The Rubin Center for the Visual Arts is hosting their Spring 2022 exhibition featuring exhibitions like “International Understanding Foundation” by Minerva Cuevas’, and art by Carolina Caycedo and David de Rozas.
Located on the outskirts of the UTEP campus, the Rubin Center treasures the work of artists from around the world who are interested in the unique environment of the borderland area.
“We do, once a year, show student work, but the rest of the year we are inviting international artists from around the world, and a lot of times UTEP campus doesn’t know that,” Rubin Center Director Kerry Doyle said.
Both “Migratory” by Minerva Cuevas and “The Blessings of the Mystery” by Caycedo and de Rozas seek to express, what it means to live in the borderland area from an interdisciplinary point of view, and how migration has given individuals an opportunity for self-expression.
“Migratory” by Cuevas, combines the experience and work of people who are related to the unique situation of the borderland area. The contributions to this exhibit go from various media to contexts, including handblown glass from a historic glass factory, video projections, painting on lamina, and even a bread mural can be found in the gallery.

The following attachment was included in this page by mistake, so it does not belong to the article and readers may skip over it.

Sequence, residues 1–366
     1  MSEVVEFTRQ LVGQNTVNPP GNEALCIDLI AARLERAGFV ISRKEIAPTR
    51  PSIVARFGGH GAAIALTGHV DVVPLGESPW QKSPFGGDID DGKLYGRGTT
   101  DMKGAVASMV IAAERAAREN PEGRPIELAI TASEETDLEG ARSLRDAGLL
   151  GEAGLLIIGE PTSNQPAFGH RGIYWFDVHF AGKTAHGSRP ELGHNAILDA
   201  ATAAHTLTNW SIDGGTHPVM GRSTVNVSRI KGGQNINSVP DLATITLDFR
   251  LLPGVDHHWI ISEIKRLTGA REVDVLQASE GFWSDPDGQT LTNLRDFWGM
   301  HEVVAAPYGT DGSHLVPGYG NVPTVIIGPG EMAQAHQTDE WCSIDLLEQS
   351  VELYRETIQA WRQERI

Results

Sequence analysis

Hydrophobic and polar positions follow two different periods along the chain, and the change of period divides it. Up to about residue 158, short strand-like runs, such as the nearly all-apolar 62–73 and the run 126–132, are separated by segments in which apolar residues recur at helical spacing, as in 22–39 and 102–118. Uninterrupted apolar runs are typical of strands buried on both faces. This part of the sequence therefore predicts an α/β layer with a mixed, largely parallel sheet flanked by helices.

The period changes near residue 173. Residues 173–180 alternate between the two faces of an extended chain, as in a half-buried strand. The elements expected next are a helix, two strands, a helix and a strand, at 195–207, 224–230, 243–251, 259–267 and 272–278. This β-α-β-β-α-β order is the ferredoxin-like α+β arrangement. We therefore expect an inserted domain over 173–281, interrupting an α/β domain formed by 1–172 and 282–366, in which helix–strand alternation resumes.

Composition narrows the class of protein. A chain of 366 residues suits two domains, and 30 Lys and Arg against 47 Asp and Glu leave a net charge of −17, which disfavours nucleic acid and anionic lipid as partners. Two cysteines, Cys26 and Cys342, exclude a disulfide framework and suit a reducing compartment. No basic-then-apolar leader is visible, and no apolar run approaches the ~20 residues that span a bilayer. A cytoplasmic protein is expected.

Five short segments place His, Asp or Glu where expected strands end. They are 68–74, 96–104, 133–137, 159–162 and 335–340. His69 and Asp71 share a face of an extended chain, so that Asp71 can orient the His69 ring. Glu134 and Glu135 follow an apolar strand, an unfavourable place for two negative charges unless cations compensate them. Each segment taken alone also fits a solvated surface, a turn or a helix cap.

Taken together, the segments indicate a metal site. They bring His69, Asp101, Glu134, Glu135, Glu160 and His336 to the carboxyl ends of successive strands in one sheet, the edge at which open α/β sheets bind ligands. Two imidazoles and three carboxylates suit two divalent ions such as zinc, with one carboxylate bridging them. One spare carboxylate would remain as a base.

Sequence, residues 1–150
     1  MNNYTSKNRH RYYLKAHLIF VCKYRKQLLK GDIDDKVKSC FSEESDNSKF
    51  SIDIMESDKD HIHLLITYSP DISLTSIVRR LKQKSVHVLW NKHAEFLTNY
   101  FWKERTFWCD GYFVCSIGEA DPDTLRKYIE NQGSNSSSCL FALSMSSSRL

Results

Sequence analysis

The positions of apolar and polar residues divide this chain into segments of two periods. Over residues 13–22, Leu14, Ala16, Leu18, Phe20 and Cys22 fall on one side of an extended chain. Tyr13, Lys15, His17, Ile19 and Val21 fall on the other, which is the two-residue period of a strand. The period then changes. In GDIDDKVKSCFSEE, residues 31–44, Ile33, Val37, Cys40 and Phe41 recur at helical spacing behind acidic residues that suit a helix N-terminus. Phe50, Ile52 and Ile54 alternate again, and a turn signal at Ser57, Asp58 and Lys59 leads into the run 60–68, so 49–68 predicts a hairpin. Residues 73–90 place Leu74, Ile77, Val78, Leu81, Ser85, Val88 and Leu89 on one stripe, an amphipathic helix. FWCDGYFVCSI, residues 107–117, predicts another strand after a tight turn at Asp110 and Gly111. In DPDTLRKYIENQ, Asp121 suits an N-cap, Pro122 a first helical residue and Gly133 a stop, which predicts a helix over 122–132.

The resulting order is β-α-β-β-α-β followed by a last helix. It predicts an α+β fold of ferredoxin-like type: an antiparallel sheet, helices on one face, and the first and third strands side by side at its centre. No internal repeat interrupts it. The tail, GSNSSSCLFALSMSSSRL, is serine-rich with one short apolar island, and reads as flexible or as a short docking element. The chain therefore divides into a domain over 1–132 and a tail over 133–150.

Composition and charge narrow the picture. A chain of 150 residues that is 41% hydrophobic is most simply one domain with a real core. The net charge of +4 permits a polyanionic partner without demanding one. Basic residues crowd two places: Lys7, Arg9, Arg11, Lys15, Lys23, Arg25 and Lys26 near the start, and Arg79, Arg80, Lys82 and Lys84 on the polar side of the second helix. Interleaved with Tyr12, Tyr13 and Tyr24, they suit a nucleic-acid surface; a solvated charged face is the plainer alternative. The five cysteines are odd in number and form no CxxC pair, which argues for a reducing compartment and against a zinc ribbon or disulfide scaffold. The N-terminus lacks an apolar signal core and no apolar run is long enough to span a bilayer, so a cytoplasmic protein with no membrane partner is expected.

Cuevas will also participate at an event hosted at Panaderia REZIZTE March 12, in Ciudad Juárez, where she will present her book “The Migratory Yellow Pages/La Sección Amarilla.”
“The Blessings of the Mystery” works as an interdisciplinary gallery, showcasing the culture of West Texas through film, painting, collage, pictograph, drawing, and natural specimens. Within this compound exhibition, you will find the film “The Teaching of the Hands,” and two site-responsive installations at the entrance of the Rubin Center, “Measuring the Immeasurable” and “Halving and Quartering.”
Among these two exhibitions, the “Transborder Fund” exhibition showcases videos by local artists from Ciudad Juárez and El Paso. These exhibits seek to portray the life of a borderland individual without mentioning the wall or migration regulations, solely focusing on the culture and talent that might go underappreciated.
To help spectators appreciate the work done by modern-day artists, the Rubin Center offers guided tours and exercises to help visitors understand the meaning and the intentions behind each art piece.
“We try to demystify contemporary art. What we do is we start with the artwork in the middle, and then we talk about what you see, not what our emotions tell us, just what you see,” Doyle said. “Once we get through that, we look for what we call ‘context clues.’ You’re not supposed to get it without understanding a little bit of context, and then the final thing is, we ask ‘what does this mean?’ ‘What do you think the artist is into?’”
Despite how accessible the topic is for the people of the borderland, the experiences of each person might affect how the artwork is interpreted and to what extent it is understood.
“People need to understand that they’re not expected to just walk in, look at something and get it. That’s not a thing that happens for anybody,” Doyle said.
The Rubin Center is open to the public 10 a.m. to 5 p.m. Monday through Friday; no appointment is needed.
Maria L. Guerrero is the web and copy editor and may be reached at [email protected]; @bymariaguerrero on Instagram.